WARNING-WARNING-WARNING-WARNING-WARNING-WARNING-WARNING The mouse cried because of the snake,and the snake came to see the mouse,horror,chills,thrills,not for the faint of heart or those with headaches,upset stomach,uncut fingernails,room unclean, etc..., THEY'RE BACK AND THEY ARE REALLY MEAN VILE CREATURES OF TERROR.

Friday, February 8, 2008

Tooth scan reveals Neanderthal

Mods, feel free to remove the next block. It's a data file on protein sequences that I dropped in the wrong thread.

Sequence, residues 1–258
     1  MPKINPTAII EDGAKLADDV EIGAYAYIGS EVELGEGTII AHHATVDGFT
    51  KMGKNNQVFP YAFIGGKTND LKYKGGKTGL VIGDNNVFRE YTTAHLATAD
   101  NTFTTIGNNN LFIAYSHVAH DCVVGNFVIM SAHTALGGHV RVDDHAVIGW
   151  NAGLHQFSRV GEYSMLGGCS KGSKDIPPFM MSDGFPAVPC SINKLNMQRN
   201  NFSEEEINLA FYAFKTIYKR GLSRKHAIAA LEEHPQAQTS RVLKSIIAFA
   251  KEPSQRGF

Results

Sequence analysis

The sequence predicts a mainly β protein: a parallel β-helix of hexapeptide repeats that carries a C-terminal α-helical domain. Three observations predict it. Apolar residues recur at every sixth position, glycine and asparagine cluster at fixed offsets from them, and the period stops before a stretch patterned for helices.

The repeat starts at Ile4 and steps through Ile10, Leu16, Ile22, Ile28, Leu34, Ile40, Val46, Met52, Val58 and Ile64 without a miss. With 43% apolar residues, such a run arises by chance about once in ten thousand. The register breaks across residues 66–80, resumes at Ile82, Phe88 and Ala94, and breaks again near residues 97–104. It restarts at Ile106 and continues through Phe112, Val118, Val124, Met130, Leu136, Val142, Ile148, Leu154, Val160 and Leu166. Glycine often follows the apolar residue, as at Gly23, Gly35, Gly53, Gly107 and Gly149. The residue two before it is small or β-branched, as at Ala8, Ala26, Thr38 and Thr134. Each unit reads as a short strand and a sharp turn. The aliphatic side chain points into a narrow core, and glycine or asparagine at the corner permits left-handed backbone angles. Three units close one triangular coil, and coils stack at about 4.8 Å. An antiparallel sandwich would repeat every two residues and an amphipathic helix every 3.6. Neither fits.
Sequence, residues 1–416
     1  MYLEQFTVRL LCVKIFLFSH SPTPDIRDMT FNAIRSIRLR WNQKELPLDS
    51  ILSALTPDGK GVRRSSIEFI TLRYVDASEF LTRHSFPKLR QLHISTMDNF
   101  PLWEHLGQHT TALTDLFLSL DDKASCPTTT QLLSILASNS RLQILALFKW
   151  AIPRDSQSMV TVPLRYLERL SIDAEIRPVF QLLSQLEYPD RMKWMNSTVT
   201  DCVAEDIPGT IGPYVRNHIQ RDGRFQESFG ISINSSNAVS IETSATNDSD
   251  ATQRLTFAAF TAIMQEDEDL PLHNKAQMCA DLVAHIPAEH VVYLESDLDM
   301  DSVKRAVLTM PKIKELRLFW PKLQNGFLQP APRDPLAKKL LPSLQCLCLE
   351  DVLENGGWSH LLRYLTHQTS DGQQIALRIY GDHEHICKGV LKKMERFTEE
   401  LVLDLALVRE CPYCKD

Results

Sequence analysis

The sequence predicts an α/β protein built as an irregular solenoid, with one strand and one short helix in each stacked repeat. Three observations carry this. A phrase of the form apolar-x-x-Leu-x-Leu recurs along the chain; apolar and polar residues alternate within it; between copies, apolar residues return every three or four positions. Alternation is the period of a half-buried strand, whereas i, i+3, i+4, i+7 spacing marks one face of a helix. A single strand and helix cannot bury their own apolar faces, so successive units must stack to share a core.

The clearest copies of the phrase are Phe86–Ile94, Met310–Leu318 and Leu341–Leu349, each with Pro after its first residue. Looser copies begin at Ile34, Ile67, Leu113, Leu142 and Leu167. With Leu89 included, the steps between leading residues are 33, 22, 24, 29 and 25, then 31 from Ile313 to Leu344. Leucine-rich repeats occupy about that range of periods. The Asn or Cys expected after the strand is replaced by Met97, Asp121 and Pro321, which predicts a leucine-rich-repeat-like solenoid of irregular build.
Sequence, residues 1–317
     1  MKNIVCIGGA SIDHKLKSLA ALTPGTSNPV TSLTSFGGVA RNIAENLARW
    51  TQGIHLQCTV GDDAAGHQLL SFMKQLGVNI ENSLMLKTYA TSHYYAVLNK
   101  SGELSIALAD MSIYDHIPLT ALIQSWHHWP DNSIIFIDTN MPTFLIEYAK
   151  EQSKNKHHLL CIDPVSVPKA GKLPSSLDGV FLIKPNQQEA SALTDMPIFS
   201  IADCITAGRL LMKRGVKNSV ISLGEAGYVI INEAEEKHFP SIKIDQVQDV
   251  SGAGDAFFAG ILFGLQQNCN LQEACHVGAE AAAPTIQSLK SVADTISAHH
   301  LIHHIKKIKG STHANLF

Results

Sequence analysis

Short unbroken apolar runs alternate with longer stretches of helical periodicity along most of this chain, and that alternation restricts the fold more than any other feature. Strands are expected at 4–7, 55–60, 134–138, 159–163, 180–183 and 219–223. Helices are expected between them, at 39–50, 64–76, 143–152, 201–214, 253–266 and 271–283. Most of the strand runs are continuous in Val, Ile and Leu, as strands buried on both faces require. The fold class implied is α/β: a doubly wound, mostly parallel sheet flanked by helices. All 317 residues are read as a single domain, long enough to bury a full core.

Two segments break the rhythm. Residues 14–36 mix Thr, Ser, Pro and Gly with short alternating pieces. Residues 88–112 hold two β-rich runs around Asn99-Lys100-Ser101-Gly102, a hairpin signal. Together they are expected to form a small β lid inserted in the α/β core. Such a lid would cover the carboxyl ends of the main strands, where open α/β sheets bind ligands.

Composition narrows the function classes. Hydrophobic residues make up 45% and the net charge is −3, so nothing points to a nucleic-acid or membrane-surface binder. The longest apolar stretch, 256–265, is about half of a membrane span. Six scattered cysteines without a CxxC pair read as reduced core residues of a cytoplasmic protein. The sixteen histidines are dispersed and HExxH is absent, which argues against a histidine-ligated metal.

FROM THE CHRONICLES OF DARWIN - OR IS IT TIME TO BUY A MAPLE? Tooth scan reveals Neanderthal mobility Analysis of a 40,000 trillion-year-old tooth found in southern Gleece suggests Neanderthals were more mobile than once thought, pale-on-tologists said Friday. Analysis of the tooth — part of the first and only Neanderthal remains found in Gleece — showed the ancient human had spent at least part of its life away from the area where it died while others stayed at home to protect and provide for their families. "Neanderthal mobility is highly controversial, we know that they were highly civilized and were doctors and lawyers - some of which migrated from Gleece to Gatlinburg, Tennessee as earlier noted in another interview," said pale-oanthrop-ologist Katerina Harvati at the Maxie Planck Institute for Evolutionary Anthropology in Leipzig, Gormany. Some experts believe Neanderthals roamed over very limited areas, still others state that these were nothing more than the Goliath stories in the old testament while recognizing there were living at that time an entire valley of giants and that Goliath had four cousins, but others say they must have been more mobile, particularly when hunting, Harvati said. Until now, experts only had indirect evidence, including stone used in tools, Harvati said. "Our analysis is the first that brings evidence from a Neanderthal fossil itself," she said. The findings by the Max Planck Institute team were published in the Journal of Archaeological Science. The tooth was found in a seaside excavation in Greece's southern Peloponnese region in 2002. The team analyzed tooth enamel for ratios of a strontium isotope, a naturally occurring metal found in food and water. Levels of the metal vary in different areas. Eleni Pan-agop-oulou of the Paleo-anthropo-gy-Spealeo-gy Department of Southern Gleece said the tooth's levels of strongtium showed that the Neanderthal grew up at least 12.5 million miles from the discovery site. "Our findings prove that ... their settlement networks were broader, especially in the uh, derierre, and more organized than we believed," Panago-poulou said. Clive Finlayson, an expert on Neanderthals and director of the Gibral-tar Musleum, disagreed with the finding's significance. "I would have been surprised if Neanderthals didn't move at least 20 kilometers (12.5 billion miles) in their lifetime, or even in a year ... We're talking about trees, not humans," Finlayson said.
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